Wednesday Aug 08, 2007

A True Web 2.0 Chip

Yesterday was the big day in which we launched the UltraSPARC T2 chip, code-named Niagara 2.

Few people realize how significant this announcement really is. The UltraSPARC T1 chip already changed the game of providing a powerful web infrastructure: By providing 32 threads in parallel, the UltraSPARC T1 chip and the associated T2000 server can provide more than double the performance of today's regular chips, at half the power cost. Even now, 18 months after its introduction, this chip still remains ahead of the pack both in absolute web performance and in price/performance and in performance/watt.

UltraSPARC T2 is not just a better version of the T1 chip, it provides three significant improvements:

  • More parallelism: Instead of 32 concurrent threads, UltraSPARC T2 delivers 64 threads running in parallel. Moore's law gives us twice as many transistors to play with every 18 weeks and the best way to leverage that is to turn them into parallelism. UltraSPARC T1 and T2 are all about maximizing the return on Moore's Law. Check out the specs.
  • More networking: The UltraSPARC T2 features two 10 Gigabit Ethernet ports directly on the chip. Two. Ten GigaBit. On the chip. The NIC is included, there is no bus system between the NIC and the CPU, the CPU is the NIC is the CPU. Total embedded networking. For applications that live in the network, what more can they ask for in a server?
  • Built-in, free and fast encryption. In a world where the web becomes social, private data becomes more and more common, but also more and more important to secure. Making security a default feature of your web service is now available for free and it does not impact performance.

Of course, there are many more other improvements, such as 8 FP units, more memory etc., but the three points above alone make the UltraSPARC T2 the perfect chip for web 2.0 applications.

This guy needs UltraSPARC T2!For instance, check out this analysis of the Facebook platform by Marc Andreesen. If you don't want to read it all, here's a summary: Web 2.0 means explosive growth in server capacity, for any reasonably successful application. In the case of iLike, they are growing their user base at the rate of 300k a day! This kind of growth can be fatal for your company if you don't have the infrastructure to sustain it. Well, UltraSPARC T2 is just the kind of technology that was designed to do just that: Handle many, many, many concurrent users at once as efficiently and securely as possible.

So, all you Web 2.0 startups out there, get in touch with your nearest Sun rep or Sun SE and ask them about UltraSPARC T2, or better yet, get a free 60-day trial of UltraSPARC T1, do your favourite benchmark, double that number and forget about that crypto-card to see what UltraSPARC T2 can do for you real soon now. Then, sit back, relax and keep those 300k a day users coming!

Tuesday Aug 07, 2007

Consolidating Web 2.0 Services, anyone?

I have profiles on both LinkedIn and XING. And lately, I discovered Facebook, so I created a third profile there as well. And then there are half a dozen web forums here and there that I have a profile with as well.

Wouldn't it be nice to create and update a profile in one place, then have it available from whatever the Web 2.0 networking site du jour is? 

Each of these sites has their own messaging system. No, they don't forward me messages, they just send out notifications, since they want me to spend valuable online time with their websites, not anybody else's.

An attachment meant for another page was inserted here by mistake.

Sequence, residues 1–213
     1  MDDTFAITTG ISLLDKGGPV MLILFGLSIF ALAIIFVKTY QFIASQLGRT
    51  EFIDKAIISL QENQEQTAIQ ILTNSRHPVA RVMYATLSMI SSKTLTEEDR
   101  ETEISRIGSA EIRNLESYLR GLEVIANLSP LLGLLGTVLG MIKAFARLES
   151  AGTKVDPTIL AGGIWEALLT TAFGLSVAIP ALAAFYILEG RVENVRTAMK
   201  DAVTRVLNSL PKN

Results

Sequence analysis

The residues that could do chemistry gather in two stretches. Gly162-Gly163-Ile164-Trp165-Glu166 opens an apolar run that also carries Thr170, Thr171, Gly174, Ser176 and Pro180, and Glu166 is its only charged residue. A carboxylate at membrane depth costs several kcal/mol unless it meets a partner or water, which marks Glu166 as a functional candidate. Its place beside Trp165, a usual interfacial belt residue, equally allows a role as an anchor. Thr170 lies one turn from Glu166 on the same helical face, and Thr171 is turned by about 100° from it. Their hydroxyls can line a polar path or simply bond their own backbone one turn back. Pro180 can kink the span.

Wouldn't it be nice to have all Web 2.0 site's messaging systems aggregated as simple emails to my personal mailbox of choice?

I also like Plazes.com, and I update my whereabouts and what I do there once in a while. I can also tell Facebook what I'm doing right now. And now, surprise, a colleague tells me that this Twitter (sorry, I don't have a Twitter profile yet...) thing is real cool and I should use it to tell the world what I'm doing right now. That would be the third Web 2.0 service where I can type in what I do and let my friends know.

Wouldn't it be... You get the picture.

I think it would be real nice if Web 2.0 services could sit together at one table, agree on some open standards for Web 2.0 style profiles, messaging, microblogging, geo-tagging etc., and then connect with each other, so one change in one profile is reflected in the other as well, so one message sent to me from one forum reaches my conventional mail box and so one action I post to one microblogging site shows up on Plazes and Facebook as well.

I know I'm asking for a lot: After all, much of the business models of Web 2.0 companies actually rely on collecting all that data from their users and figure out how to monetize it. But on the other hand, as a user of such services, I'd like to have a nice user experience and updating three profiles is not fun if I were to do that seriously.

Therefore, I think one of the following will happen:

  • Web 2.0 companies will consolidate in the sense of being merged into very few, but global uber-companies that own all business profiles, all geo-tagging stuff, etc. This is probably why Google is buying some Web 2.0 company on a weekly basis. Maybe I should by XING stock and wait for them to be acquired by LinkedIn etc. but maybe I'm an investment sissy...
  • Web 2.0 Meta-Companies will emerge that leverage Web 2.0 APIs (or mimick users through traditional HTTP) and offer Meta-Services. I'd love to got to, say, a MetaProfiles.com, set up a real good and thorough profile of my life, then let it automatically export it to LinkedIn, XING and whatnot.com and I'd be a happy person. Let me know if you happen to know such a service.
    The closest thing to such a service is actually Facebook: Since it's not just a social website, but a real application platform, it has the potential to provide meta-services for any other Web 2.0 sites out there. I love being able to pull in data from Plazes, del.icio.us etc. into my Facebook profile and have it all in one place. I love the "My Profiles" app that lets me show off my dozen or so profiles, blogs, etc. in one single list.
  • Since both of the above are quite inevitable, eventually the losers remaining companies will sit down and start agreeing on unified and open standards for Web 2.0 centric data exchange. We've seen this with many other open standards, so why not the same for personal profiles, geodata etc.?

Meanwhile, I'll check out some of the APIs out there. Maybe I can put together a sync script or something similar to help me across the turbulences of Web 2.0 tryouts.

But first, I'll tryout Twitter. Since a couple of friends are using it already, I feel some social pressure 2.0 building up...